Manish Majithia. Photo courtesy: Madhya Pradesh Cricket Association website
Manish Majithia. Photo courtesy: Madhya Pradesh Cricket Association website

In the unforgettable words of Charles Dickens in A Christmas Carol, the protagonist of the story, one of the best known archetypal misers of English literature, Ebenezer Scrooge, is described as being “Hard and sharp as flint, from which no steel had ever struck out generous fire.”

This narrative tells the story of parsimony in a different context. There have been instances, both in Tests as well as First-Class cricket, where a bowler has not conceded any runs at all in an innings.

The instance of Richie Benaud springs to mind immediately because he holds the Test record of the most overs bowled, and most wickets taken, without conceding any runs at all in a Test match. At Delhi against India in 1959-60, Richie Benaud had figures of 3.4-3-0-3 in India’s 1st-innings score of 135 — the current world record.

In First-Class cricket, here are 4 instances of bowlers who have taken 5 wickets in an innings without conceding any runs:

- Dick Pougher, 3-3-0-5 for MCC vs Australians at Lord’s, 1896

- George Cox, 6-6-0-5 for Sussex vs Somerset at Weston-Super-Mare, 1921

- Dick Tyldesley, 5-5-0-5 for Lancashire vs Leicestershire at Old Trafford, 1924

- Percy Thomas Mills, 6.4-6-0-5 for Gloucestershire vs Somerset at Bristol, 1928

Whenever the issue of miserly bowling arises in conversation, the names of Bapu Nadkarni and Hugh Tayfield are the first to come under discussion. Let us examine the deeds for which their names are enshrined in cricket lore:

For South Africa against England at Durban in 1956-57, Tayfield had figures of 24-17-21-1. These were eight-ball overs. He bowled 137 consecutive dot-balls, a Test record.

For India against England at Madras in 1963-64, 6-ball overs, Nadkarni had figures of 32-27-5-0. His economy rate was 0.15, the best achieved by anyone in an innings in Test cricket who has bowled more than 10 overs. His figures for the third day of the match, bowling mostly against Brian Bolus and Ken Barrington, read 29-26-3-0. He bowled a record 21 consecutive maiden overs (131 dot balls in a row) in a 114-minute bowling spell.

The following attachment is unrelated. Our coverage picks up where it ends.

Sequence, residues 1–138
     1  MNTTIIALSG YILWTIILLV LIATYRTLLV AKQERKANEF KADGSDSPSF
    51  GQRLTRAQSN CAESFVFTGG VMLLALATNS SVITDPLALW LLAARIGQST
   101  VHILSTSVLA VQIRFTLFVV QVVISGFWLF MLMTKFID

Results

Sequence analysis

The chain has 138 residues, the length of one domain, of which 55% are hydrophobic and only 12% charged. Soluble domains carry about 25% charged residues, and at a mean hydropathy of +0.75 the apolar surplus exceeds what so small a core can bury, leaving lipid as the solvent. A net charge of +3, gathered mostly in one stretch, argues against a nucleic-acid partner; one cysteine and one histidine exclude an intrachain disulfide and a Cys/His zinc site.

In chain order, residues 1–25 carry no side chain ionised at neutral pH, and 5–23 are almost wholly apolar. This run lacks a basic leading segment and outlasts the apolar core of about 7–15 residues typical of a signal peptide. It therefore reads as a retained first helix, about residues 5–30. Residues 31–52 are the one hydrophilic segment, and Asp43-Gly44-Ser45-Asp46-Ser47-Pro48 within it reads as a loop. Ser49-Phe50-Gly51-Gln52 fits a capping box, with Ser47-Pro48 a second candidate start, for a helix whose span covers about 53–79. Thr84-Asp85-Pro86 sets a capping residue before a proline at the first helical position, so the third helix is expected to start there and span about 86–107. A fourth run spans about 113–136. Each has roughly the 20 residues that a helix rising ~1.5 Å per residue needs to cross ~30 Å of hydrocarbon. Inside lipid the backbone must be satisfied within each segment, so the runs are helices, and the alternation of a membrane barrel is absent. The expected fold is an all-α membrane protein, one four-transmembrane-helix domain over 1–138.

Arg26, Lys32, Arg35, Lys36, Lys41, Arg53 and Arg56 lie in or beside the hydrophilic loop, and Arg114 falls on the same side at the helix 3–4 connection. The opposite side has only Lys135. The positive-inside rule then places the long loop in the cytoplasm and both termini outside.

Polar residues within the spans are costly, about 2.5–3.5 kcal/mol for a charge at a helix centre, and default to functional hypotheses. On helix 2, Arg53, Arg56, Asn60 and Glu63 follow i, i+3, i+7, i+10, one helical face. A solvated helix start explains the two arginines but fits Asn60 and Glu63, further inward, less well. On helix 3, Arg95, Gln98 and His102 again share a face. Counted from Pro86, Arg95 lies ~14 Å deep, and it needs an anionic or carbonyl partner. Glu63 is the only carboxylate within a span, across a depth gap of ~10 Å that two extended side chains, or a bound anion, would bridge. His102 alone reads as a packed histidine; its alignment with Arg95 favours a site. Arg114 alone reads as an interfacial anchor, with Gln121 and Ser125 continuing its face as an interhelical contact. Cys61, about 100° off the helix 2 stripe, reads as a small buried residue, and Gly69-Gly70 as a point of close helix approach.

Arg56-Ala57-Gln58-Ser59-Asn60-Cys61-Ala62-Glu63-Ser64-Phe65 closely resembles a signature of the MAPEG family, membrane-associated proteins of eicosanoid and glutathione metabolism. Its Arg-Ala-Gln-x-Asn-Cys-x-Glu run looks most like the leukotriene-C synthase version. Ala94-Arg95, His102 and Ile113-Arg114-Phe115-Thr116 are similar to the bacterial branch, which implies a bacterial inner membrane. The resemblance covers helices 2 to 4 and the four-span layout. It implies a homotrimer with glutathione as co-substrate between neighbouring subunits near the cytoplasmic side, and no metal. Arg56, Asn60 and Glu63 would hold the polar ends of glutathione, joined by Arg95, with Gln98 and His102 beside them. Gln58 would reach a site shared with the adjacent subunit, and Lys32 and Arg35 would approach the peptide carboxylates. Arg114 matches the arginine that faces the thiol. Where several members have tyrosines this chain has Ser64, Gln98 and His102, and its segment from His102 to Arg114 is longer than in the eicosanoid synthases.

Let us leave these stirring deeds aside for a while and turn our attention to a Ranji Trophy match of 1999, where, in an almost unobtrusive manner, a new First-Class record was created. It was a Central Zone Ranji Trophy match between Madhya Pradesh (MP) and Railways at the Maharani Usharaje Trust Cricket Ground, Indore, in November 1999.

Railways, led by Prahlad Rawat, put the opposition in. It was a decision he would regret very soon. MP ended Day 1 on 249 for 2, with opener JP Yadav on 136 and left-arm spinner Manish Majithia undefeated without opening his account.

The MP 1st innings ended the next day, but not before Yadav — who, ironically, would later move to later move to Railways and play a crucial role in their remarkable success story in the new millennium — had completed his double-century, being ultimately 4th man out for a 10-hour 265 (429 balls 24 fours, 6 sixes).

The 1st-wicket partnership between Yadav and wicketkeeper Krishnamurthy Rajagopalan realised 212 runs. There was also an unbeaten 67 by Abbas Ali, grandson of the belligerent Mushtaq Ali.

MP captain Rajesh Chauhan eventually declared the innings at 538 for 7. The 7 bowlers used were a tired lot by the time the innings was declared, one Balaji Rao sending down 2 wides and 10 no-balls in his 33 overs.

The same Balaji Rao would play for India A in the season after, against Steve Waugh’s all-conquering Australians. Unfortunately, teammates Harbhajan Singh and Rahul Sanghvi did much better; a forlorn Balaji Rao left for Canada, for whom he would play 33 ODIs including World Cup 2011.

Day 2 ended with Railways on 55 for 1, Sanjay Bangar on 30 and Abhay Sharma on 12. Railways were dismissed for 216 next day, skipper Rawat top scoring with 58. For the home team, captain Chauhan was the highest wicket-taker with 5 for 99.

Majithia gave a preview of what was to come with figures of 12.3-9-3-1. Asked to follow on, Railways ended Day 3 on 3 with Bangar on 1 and Chandra Mohan Jha on 2.

When the last day of the long yawn ended, Railways had added all of 83 runs in 104 overs to achieve a draw. The Notes inform us that this sum of 83 runs in a full day’s play is the world First-Class record for the minimum number of runs scored in a day.

And what of Majithia? How did he fare in all this? His 2nd-innings figures read 20-20-0-1.

In other words, he bowled 20 overs in this innings, all maidens, and picked up a wicket.

With this performance, this paragon of parsimony set a new Ranji Trophy, as well as First-Class, record of bowling the highest number of overs in a First-Class innings without conceding any runs at all, a veritable Ebenezer Scrooge on the cricket field.

Brief scores:

Madhya Pradesh 538 for 7 decl. (JP Yadav 265, Krishnamurthy Rajagopalan 70, Abbas Ali 67*) drew with Railways 216 (Prahlad Rawat 58; Rajesh Chauhan 5 for 99) and 86 for 5.

(Pradip Dhole is a retired medical practitioner with a life-long interest in cricket history and statistics)